The Scottish Government has vowed not to bow to public pressure and remove the controversial average-speed cameras from the A9.
The SNP administration at Holyrood is convinced the “yellow Vultures” are improving safety on the notorious route and say lives are too important to scrap the £2.5million scheme.
Transport Minister Derek Mackay underlined the commitment to the cameras during private talks with business leaders in the Highland capital who claim they are costing them money.
As the first anniversary of their installation looms, companies said the “geographic barrier” created by slower travel had lost them trade and contracts.
But Mr Mackay said: “The fact that average-speed cameras have brought down, drastically, excessive speeding and speeding overall has increased confidence in the A9.
“According to the samples and the polls I’ve seen, people feel safer. There is a slight increase in journey, time but fewer incidents.
“I don’t accept the argument that a loss of life or injuries are an acceptable price to pay for folk to make up five minutes in a journey.
“We will do everything we can to support business.
“I cannot accept that it is good for the economy for people to die, for people to be injured and for people to speed.”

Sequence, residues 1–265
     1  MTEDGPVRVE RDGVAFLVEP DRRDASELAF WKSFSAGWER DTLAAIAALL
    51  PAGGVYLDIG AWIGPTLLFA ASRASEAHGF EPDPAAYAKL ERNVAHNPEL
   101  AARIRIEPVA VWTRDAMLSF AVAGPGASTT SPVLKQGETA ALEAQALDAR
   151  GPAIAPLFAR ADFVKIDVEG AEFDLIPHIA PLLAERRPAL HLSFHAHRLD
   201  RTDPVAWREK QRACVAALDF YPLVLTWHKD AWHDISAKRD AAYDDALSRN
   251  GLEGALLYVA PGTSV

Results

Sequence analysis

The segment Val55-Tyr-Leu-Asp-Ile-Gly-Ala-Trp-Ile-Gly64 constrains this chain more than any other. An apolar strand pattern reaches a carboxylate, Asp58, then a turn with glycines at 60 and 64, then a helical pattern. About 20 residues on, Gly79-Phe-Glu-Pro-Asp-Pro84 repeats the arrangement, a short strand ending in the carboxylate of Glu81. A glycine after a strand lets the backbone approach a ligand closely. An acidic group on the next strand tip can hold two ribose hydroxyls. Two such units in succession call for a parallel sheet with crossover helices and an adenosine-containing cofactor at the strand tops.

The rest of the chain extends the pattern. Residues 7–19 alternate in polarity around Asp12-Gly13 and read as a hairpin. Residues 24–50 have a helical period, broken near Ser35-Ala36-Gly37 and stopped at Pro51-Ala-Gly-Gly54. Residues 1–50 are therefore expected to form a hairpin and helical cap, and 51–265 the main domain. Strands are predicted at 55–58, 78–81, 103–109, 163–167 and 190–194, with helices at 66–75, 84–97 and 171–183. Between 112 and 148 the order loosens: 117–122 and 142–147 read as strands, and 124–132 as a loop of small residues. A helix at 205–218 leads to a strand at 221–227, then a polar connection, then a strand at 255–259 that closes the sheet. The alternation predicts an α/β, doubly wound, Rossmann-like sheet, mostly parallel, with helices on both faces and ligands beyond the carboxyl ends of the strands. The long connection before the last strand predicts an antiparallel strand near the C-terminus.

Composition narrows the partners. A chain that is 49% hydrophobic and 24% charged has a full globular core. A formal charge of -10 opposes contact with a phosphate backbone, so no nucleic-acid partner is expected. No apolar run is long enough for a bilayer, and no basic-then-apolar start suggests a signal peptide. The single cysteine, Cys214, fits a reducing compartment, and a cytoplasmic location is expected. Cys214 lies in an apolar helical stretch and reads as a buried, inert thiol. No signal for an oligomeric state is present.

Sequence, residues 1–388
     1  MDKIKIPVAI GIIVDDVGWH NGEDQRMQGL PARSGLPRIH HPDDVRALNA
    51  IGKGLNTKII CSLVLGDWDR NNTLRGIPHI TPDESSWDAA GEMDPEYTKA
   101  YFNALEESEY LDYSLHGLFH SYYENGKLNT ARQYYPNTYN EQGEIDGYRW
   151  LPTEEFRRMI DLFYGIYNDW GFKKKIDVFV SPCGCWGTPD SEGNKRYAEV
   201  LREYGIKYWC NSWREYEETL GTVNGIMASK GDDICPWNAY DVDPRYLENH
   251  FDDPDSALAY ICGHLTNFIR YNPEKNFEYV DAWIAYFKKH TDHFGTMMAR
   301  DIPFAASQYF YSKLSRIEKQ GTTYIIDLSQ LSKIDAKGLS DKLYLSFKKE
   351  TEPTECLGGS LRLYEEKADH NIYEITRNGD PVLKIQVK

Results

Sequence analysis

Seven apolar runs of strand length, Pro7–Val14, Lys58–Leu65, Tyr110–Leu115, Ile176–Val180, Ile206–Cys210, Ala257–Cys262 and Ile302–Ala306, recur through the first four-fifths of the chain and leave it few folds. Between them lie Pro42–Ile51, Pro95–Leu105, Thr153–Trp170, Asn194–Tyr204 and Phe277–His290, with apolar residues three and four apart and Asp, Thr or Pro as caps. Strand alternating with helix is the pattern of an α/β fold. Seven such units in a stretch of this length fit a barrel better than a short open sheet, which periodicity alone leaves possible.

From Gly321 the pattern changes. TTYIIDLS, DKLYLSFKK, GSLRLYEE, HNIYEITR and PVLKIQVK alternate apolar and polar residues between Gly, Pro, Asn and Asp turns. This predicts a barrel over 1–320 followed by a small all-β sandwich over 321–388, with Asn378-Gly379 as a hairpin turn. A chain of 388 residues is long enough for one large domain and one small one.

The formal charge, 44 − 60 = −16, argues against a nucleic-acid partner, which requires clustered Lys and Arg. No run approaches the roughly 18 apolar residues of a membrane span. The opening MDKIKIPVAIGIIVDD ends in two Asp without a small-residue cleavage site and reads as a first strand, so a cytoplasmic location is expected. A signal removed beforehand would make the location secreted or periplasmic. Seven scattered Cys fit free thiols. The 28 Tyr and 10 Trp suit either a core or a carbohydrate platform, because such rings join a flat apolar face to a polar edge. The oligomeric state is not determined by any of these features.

Inverness Chamber of Commerce’s chief executive, Stewart Nicol, said the discussions with Mr Mackay had been “focussed and productive”.
“We all want the A9 to be as safe as it can be and for the dualling to be completed as quickly as possible,” he said. “There was a general acceptance that the cameras are here to stay.
“There was an acknowledgement that there is an impact on travel, both positive and negative. We agreed it was worth waiting to see a full year’s statistics.”
“None of us want to see another accident or injury on the A9. We believe there are incidences where business have suffered.”
Mr Mackay said: “The priority is the dualling of the A9.
“With that multibillion-pound investment will come some disruption. That’s a massive financial commitment from the Scottish Government.
“In the interim, it’s important that average-speed cameras are there to try and improve safety. All the evidence I have is that they’re working.”